And then, there's "Once Upon A Time" - a show where the Hero is a single mother, there is blatant and frequent homo-eroticism (granted, nothing has 'officially' happened yet, but that brings me to), and has a massive gay and lesbian following. Several of the actresses are openly bisexual, which may explain some of the "chemistry" on set.

Oh, for those who haven't seen it, it's a show about Disney Princesses kicking ass. Season 2 opens with Snow White putting an arrow into a troll's face at point blank range and Mulan decked out in Samurai armor and with a heavily implied lesbian crush on Sleeping Beauty. Yes, this is a real show, made by Disney.

I don't think this is an issue with bioware as much as it is EA or Lucasarts. Like it or hate it, Bioware have at least tried to think of the LGBT community in pretty much all their games since KOTOR.

As part of the LGBT community here's my beef with it:

All the gaming sites grabbing for attention, presenting it as grief.

I don't care about the "issues". I was dissapointed that it didn't make the cut in the first place, but that was that and I got over it.
Now they're fixing it. Great, I appreciate it.

No big deal.

Dastardly:

In this case, it was a major mistake from top to bottom. This is one of those moments when BioWare should have remembered that you either need to do it right, or don't.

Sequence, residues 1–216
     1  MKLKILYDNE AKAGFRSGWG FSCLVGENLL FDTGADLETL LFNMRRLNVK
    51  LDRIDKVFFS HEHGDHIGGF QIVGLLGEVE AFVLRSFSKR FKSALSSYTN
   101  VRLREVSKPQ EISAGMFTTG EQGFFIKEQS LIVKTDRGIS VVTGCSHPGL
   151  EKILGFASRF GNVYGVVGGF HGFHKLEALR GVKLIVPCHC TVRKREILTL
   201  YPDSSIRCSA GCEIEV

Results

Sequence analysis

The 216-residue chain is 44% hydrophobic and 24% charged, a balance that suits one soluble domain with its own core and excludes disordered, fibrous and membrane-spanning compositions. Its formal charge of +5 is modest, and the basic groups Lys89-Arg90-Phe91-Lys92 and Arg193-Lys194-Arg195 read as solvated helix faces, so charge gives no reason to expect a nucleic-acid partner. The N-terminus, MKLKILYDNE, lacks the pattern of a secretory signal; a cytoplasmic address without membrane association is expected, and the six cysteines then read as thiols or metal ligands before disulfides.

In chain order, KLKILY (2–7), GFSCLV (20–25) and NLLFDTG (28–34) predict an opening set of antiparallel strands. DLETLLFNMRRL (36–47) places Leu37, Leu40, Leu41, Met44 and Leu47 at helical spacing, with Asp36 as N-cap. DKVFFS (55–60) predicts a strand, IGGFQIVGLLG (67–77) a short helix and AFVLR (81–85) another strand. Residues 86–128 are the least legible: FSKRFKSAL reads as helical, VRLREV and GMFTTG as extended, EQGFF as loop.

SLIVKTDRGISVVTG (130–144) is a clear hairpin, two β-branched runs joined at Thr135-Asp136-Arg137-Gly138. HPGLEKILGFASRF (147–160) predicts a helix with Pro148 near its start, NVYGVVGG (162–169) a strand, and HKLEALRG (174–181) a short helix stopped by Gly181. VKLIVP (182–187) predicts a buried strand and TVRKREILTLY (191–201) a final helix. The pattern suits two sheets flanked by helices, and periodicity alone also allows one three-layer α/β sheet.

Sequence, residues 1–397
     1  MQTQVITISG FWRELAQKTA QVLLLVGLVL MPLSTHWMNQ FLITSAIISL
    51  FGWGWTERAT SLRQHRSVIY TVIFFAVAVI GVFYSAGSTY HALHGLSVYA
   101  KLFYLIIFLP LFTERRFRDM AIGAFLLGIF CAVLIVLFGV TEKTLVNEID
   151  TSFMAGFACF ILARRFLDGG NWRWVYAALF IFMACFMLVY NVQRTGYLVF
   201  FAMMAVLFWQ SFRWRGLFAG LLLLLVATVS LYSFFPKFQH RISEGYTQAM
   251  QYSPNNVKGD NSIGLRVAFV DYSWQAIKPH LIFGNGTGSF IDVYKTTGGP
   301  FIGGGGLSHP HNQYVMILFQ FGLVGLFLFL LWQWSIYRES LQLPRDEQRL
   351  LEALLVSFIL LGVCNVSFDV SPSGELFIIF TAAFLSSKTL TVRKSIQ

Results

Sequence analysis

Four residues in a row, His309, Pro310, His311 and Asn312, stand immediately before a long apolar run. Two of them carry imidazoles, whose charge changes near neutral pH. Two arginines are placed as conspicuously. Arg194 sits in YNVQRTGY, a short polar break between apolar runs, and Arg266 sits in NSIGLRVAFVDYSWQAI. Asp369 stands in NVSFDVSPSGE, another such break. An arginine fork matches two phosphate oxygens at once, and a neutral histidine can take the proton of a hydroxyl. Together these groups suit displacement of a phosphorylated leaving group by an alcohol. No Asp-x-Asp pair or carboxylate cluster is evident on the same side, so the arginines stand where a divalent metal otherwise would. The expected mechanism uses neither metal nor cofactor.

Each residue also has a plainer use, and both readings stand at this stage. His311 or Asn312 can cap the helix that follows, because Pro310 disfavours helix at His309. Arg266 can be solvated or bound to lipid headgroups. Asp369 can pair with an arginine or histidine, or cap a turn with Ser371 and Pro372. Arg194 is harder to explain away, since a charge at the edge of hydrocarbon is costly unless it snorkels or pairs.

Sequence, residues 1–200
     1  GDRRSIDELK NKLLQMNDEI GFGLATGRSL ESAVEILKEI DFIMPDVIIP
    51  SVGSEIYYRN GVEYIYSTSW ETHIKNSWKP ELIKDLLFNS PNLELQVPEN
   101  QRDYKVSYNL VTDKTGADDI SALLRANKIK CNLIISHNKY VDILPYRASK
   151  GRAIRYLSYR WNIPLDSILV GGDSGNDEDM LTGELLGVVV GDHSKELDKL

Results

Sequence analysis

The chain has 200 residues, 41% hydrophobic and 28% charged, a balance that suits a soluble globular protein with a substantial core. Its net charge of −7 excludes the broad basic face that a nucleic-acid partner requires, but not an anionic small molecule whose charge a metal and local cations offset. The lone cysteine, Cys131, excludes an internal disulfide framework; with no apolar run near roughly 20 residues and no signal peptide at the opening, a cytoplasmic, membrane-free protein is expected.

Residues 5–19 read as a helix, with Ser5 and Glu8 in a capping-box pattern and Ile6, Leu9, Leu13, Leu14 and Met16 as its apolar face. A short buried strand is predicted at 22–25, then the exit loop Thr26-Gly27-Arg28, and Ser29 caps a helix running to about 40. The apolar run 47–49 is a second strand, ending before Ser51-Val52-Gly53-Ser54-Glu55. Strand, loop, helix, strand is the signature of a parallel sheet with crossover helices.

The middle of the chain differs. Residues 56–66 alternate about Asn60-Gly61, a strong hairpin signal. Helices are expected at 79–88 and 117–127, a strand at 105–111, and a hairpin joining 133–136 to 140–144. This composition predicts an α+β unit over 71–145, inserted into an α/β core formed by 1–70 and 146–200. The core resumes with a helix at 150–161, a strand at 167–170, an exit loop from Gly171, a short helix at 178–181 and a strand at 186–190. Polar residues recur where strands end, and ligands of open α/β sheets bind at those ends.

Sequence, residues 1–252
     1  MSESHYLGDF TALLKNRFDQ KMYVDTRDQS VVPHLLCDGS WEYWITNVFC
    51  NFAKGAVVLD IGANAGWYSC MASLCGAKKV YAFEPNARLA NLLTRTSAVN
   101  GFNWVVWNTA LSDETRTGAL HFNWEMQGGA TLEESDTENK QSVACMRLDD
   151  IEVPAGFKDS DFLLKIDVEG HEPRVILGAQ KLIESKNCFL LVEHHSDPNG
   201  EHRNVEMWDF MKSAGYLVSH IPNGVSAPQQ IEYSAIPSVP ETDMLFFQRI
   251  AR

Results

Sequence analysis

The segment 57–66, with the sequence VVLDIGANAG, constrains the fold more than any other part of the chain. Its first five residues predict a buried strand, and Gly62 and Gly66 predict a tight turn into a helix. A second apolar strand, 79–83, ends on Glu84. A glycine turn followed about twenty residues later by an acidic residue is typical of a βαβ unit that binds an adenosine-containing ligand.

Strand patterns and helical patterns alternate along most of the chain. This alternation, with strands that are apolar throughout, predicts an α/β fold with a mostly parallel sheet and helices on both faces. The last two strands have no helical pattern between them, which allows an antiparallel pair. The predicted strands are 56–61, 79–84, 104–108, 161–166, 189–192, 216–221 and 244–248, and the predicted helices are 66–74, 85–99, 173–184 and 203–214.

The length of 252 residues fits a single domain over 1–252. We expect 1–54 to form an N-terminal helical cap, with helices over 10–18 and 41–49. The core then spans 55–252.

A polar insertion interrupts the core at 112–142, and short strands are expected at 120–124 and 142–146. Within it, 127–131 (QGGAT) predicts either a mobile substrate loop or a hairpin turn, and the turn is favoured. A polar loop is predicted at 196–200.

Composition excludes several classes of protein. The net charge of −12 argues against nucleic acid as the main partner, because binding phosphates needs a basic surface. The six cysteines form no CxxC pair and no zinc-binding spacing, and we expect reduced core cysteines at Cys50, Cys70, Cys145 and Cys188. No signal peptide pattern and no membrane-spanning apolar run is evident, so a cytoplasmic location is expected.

Sorry for cutting your post short, it has good stuff in it.

There's no specific formula to do it right. Gay or bi men are as diverse as straight men.
As a masculine bisexual male, I can't stand most flamboyants, they come off as fake, egotistical, superficial people to me. But if a game represented those, kinda like the elf in Dragon Age, but worse, it wouldn't be all that misrepresenting, because there are certainly a lot of these people out there. And I'd be lying if I didn't think flamboyants are at least interesting, though extremely annoying.

In other words, it's hard to get it wrong. At least, I don't flip out and go whine about it. I was more annoyed with the ME3 character who lost his husband? It felt like he needed sympathy in order for it to be okay for who he was. It felt a bit fake, but again, I don't freak out about this, because the character was fine, the execution wasn't.

A gay planet makes sense, full of gay olympics and pride festivals. People wanting to be surrounded by those who feel the same way as them.

Im sure you can find a planet full of whores and a planet full of thieves butchers and scammers too.

tangoprime: